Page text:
A friend of mine took a decision a few years back to become a Buddhist monk. He went off to a monastery in England. For two years, he wore orange robes, he gardened, he meditated, he sought to reach a higher plain. Then, abruptly, before Christmas, he left, deciding that his fate lay elsewhere. The last time he emailed me, it was from Thailand. He was raging because his Kindle had broken. I shouldn’t have laughed, but I couldn’t help it. If a trainee monk can get upset about a broken Kindle, then there’s hope for all of us yet.
I’m going to do my best not to mind the burglary. And to be very evolved indeed. But reader: I may be a while with this. And if anyone buys a laptop off a truck with a brooding, unpublished novel on it in the meantime, let me know, will you?

From the archives: why music should still matter (August 11th, 2013, SBPost column)

Is indie-rock music anywhere near as important culturally as it used to be? I’ll admit to having that rather gloomy rumination recently while standing in a crowd of thousands at Blur in the grounds of the Royal Hospital Kilmainham. Like most punters there, I was experiencing an intense wave of nostalgia, but it wasn’t simply for the indie music made in the 1990s, when Blur were in their hey-day.

Instead, with a bittersweet pang, I was realising how much I’d missed the thrill of being at a big indie-rock concert where everyone could sing along to the songs – where everyone knew every line. From Parklife to Tender to Out of Time: Damon Albarn sang to us, we croaked joyfully back at him. It was a heady, embracing experience.

It doesn’t happen anymore. Take away your Bruce Springsteen, your Rolling Stones, your hoary grandfathers of modern rock – and you’ll quickly realise that in indie-rock, some time ago now, everyone quietly stopped knowing the lyrics by heart, because everyone quietly stopped being quite as passionate about the tunes.

When did you last stump up for a rock album that made you feel as exultant as you might have done about Nirvana’s Nevermind or Oasis’s Definitely Maybe? Could we mention MGMT in that regard? Mumford & Sons? Mercury Prize winners Alt-J? Or should we fess up and admit that we hear radio singles these days rather than album tracks, remixes rather than records? We have the attention span of gnats and the tolerance of Ian Paisley at a hippie gathering.

And no, it’s not an age thing. It’s not because I’m in my thirties and getting ready to kick out my festival wellies rather than the jams. It’s a technology issue. Like everyone else, I have a zillion songs at my fingertips, so many that sometimes the pressure of all I haven’t heard weighs down on me, like a million countries I’ll never visit. The proliferation of bands has perversely made the experience of loving music more tricky.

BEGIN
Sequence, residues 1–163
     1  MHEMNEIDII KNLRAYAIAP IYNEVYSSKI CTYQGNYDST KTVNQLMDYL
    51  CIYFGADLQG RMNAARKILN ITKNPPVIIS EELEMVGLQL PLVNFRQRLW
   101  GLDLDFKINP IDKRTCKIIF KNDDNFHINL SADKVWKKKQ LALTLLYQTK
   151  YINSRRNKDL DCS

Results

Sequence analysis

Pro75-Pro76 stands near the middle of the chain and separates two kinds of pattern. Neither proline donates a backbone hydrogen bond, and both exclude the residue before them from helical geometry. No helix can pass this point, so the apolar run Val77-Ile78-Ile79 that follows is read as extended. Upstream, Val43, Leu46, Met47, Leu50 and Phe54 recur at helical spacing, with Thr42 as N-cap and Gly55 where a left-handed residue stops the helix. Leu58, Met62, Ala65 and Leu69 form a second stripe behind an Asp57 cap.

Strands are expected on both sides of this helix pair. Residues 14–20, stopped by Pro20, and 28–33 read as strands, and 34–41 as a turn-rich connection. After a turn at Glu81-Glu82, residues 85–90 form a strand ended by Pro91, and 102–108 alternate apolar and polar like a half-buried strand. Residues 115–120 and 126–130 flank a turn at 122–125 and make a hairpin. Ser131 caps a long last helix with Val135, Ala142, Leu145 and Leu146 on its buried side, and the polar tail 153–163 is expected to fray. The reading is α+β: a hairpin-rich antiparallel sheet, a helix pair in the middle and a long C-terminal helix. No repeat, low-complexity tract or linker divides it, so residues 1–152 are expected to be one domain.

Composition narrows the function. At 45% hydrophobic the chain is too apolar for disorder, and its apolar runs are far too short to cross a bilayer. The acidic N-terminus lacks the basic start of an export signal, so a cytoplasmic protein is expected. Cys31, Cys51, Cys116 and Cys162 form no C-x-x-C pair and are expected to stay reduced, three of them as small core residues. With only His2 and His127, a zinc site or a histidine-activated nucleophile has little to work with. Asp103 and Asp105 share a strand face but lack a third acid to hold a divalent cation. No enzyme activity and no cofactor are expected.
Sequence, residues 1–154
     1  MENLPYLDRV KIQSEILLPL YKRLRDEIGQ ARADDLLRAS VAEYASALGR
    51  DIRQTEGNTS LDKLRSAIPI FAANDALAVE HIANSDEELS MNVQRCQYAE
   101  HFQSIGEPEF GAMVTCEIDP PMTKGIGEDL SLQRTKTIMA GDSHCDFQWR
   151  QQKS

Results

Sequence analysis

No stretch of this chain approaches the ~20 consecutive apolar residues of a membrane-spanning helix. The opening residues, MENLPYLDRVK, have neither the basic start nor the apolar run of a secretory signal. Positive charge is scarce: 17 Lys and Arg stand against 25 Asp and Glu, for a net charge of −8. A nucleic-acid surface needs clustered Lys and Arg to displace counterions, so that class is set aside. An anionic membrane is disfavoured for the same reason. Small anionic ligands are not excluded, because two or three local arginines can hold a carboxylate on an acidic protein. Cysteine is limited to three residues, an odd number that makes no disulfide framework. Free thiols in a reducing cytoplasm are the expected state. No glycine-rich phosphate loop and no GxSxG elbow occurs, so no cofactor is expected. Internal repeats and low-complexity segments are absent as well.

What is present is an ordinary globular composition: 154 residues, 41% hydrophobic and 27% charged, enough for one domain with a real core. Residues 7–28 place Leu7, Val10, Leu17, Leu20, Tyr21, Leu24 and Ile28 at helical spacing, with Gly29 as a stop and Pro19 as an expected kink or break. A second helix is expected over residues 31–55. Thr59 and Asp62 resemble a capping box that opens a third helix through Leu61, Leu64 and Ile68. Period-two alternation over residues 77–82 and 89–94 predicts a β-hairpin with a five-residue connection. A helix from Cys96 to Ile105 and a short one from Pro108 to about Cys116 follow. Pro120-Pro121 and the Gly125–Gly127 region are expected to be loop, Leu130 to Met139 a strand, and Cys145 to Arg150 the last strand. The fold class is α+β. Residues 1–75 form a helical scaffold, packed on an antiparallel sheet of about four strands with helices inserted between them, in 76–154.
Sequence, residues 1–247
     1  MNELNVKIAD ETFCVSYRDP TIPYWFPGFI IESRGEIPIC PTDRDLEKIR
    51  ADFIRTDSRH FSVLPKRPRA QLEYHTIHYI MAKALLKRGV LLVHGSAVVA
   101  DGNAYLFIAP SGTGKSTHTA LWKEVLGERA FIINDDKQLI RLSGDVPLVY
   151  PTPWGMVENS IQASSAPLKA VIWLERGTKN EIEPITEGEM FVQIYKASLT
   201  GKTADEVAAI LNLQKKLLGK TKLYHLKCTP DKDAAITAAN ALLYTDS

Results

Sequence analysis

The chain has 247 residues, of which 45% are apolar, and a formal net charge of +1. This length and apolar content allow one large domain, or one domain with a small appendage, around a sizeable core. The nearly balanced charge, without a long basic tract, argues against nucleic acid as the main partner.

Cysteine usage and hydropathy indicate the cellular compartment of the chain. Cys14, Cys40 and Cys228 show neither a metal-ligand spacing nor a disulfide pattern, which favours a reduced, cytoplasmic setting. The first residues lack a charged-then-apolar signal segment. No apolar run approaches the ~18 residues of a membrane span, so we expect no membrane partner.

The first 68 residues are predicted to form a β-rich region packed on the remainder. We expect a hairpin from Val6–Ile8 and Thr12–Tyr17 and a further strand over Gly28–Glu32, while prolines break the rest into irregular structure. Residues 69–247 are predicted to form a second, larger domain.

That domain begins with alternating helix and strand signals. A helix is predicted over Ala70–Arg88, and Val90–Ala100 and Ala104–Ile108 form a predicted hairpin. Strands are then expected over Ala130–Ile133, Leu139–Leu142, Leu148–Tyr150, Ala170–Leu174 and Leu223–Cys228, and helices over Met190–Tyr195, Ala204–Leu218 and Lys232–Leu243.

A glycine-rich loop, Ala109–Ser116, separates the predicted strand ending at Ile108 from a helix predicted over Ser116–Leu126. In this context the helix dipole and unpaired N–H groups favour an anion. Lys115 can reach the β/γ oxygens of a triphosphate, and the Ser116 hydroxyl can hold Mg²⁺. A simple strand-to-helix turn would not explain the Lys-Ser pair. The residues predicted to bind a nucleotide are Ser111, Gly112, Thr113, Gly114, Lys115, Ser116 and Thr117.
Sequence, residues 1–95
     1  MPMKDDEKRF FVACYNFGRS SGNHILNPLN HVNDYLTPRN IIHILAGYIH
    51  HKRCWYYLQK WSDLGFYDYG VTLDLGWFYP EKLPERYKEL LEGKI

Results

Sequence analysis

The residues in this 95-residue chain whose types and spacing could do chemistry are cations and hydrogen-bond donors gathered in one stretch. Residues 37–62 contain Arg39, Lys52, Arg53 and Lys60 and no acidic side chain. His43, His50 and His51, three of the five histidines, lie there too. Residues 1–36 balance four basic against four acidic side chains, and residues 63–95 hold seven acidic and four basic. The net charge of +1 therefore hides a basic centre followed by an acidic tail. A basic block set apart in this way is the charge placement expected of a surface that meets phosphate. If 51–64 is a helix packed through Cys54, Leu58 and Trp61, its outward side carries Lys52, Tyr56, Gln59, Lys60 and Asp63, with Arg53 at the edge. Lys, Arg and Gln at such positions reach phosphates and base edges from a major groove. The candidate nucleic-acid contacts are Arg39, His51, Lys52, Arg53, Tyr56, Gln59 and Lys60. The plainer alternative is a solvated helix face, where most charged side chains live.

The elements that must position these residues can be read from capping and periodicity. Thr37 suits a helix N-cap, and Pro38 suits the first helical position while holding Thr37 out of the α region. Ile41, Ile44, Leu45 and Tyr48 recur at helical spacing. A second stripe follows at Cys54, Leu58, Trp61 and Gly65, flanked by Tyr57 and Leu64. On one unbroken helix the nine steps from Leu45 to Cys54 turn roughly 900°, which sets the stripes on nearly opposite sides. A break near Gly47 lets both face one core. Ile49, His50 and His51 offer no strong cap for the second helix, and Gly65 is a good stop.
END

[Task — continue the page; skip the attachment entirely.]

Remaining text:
We don’t go to trouble for a band anymore. If they birth something ‘difficult’, we’ll shrug our shoulders and click the next download. There are so many fledgling acts, each occupying an infinitesimal, pressuring space. In accommodating the din, we’re creating an attention deficit problem on the part of the audience. Spotify this, YouTube that, stream the other: your new favourite band is still your new favourite band, but only for the next five minutes. And mainstream radio, with its effective kibosh on indie-rock music (pop sells better), doesn’t help. We don’t commit to music.

It’s a shame, because in troubled times, we need communal experiences. Public events, whether rock gigs or football matches, serve to bind us together, hold us in a warm embrace. Rock music can be life-changing. Recently, the British papers were full of an account of a British MP who, seemingly inspired by his love of the band Drenge, decided to resign his post. The story was shocking, because it seemed so anachronistic: here was a man who still cared about indie-rock. On a micro level, at Blur, there was a punter who arrived wearing a giant milk carton, in homage to their Coffee & TV video.

I loved how much trouble he’d gone to – how much Blur mattered to him. I want to live in a world where indie rock music is a powerful force, capable of making people change themselves in inspiration. For all that the likes of services such as Spotify have given us, it’s important to recognise how much they’re taking away.